The tide may be turning on the COVID-19 pandemic in the United States, with a decline in new cases nationally and regionally and with South Dakota’s Board of Regents seeking a more “normal” fall semester on USD’s campus. In response to this, USD student organizations, Vermillion businesses and local government leaders are looking to bring back what they said has been lost in the past year.
The local response to the pandemic over the past year has been driven largely by the USD administration and the Vermillion City Council.
Kevin O’Kelley, assistant vice president of research compliance at USD and member of USD’s COVID-19 Task Force, said the university’s response over the past year was guided by CDC guidelines and student health.
“It was just learning as we went,” O’Kelley said. “We had to wing it a few times.”
USD’s initial response to the outbreak of COVID-19 in the US was to extend the 2020 spring break. O’Kelley said the university decided not to bring students back after spring break of 2020 because the administration didn’t feel they could adapt on-campus learning to new CDC guidelines in such a short time.
“We didn’t have the resources to bring it back safely last spring, so we spent the entire summer getting ready,” O’Kelley said.
Preparing for the fall semester involved reducing seating capacity in the Muenster University Center and moving classes to either larger rooms or online.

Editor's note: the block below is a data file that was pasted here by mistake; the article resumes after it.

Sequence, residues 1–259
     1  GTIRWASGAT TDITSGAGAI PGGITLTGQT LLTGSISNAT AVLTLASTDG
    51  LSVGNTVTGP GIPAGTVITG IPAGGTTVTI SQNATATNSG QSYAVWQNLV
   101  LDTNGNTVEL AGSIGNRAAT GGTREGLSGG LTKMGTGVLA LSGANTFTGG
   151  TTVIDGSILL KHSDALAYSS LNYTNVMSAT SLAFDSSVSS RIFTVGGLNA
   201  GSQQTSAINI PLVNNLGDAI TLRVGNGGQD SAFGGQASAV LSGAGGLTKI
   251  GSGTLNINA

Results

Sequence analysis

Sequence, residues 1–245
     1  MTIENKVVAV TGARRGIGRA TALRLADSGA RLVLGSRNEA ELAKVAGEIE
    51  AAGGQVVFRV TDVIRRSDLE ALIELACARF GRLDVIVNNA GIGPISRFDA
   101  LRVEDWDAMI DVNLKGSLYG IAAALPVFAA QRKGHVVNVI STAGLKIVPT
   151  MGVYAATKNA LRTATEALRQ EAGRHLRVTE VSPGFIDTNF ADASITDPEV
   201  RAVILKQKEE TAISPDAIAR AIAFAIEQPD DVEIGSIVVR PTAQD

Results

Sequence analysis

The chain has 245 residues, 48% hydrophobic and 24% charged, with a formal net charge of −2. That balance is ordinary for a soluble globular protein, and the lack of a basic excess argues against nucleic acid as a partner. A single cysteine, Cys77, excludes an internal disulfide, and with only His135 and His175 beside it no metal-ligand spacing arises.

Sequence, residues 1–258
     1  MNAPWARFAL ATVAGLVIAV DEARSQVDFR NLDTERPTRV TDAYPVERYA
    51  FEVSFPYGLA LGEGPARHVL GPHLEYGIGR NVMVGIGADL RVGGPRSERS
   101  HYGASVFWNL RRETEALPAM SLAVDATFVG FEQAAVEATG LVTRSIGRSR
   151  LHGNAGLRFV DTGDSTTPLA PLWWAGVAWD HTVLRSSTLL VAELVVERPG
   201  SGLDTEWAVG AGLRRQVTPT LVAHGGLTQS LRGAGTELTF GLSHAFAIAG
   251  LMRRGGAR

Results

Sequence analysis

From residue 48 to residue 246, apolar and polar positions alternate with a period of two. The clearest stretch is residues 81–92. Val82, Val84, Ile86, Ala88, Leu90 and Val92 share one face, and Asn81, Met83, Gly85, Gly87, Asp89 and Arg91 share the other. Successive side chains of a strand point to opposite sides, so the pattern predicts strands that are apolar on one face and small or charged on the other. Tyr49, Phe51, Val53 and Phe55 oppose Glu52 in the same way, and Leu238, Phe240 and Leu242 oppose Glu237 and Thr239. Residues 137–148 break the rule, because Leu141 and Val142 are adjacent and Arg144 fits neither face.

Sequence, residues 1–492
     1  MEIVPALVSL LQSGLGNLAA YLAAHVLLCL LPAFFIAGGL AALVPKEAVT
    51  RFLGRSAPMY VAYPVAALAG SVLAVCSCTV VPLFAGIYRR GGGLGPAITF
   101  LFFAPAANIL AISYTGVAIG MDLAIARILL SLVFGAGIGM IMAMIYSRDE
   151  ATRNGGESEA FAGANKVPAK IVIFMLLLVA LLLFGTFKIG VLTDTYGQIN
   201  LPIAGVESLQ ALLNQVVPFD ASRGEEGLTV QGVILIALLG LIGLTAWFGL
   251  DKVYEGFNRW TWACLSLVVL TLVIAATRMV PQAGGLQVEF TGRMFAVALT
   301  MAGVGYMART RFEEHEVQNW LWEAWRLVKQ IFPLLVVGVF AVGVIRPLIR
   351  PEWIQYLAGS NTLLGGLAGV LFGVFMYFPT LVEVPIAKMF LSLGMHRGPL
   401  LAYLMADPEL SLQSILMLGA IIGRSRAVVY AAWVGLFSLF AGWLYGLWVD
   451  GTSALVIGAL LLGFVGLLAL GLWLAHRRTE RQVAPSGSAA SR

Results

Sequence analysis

USD President Sheila Gestring said the challenges of the past year were mainly about trying to maintain traditions and ways to connect students on campus despite the pandemic.
“I think we’ve done a nice job. I’m proud of the campus community, students, faculty, staff,” Gestring said. “Everybody chipped in to give the best in-person experience possible for the students.”
USD “proud” of teamwork on campus
O’Kelley said he’s most proud of the teamwork by groups on USD’s campus in responding to COVID-19, including USD’s Student Government Association, volunteers, the medical school and USD’s marketing and communications departments.
“I’d say that our efforts were successful in that we were able to stay in school all last year,” O’Kelley said. “We had some unexpected numbers of cases last year, last August, but we were prepared enough that we were able to stay in school.”
Those preparations included isolation rooms for students who tested positive and contact tracing.
“Housing brought (students in isolation) turkey dinner on Thanksgiving, you know, they really stepped up,” O’Kelley said.
From the experiences of the past year, O’Kelley said the university has learned what resources are available from the state as well as what measures do and do not help to reduce transmission of COVID-19.
“This is our first pandemic, so we had a lot to learn,” O’Kelley said. “We learned to put science first and accept the consequences, even though that’s not what we wanted. We did not want to postpone football, we did not want to cancel the concert, we didn’t want to do any of that.”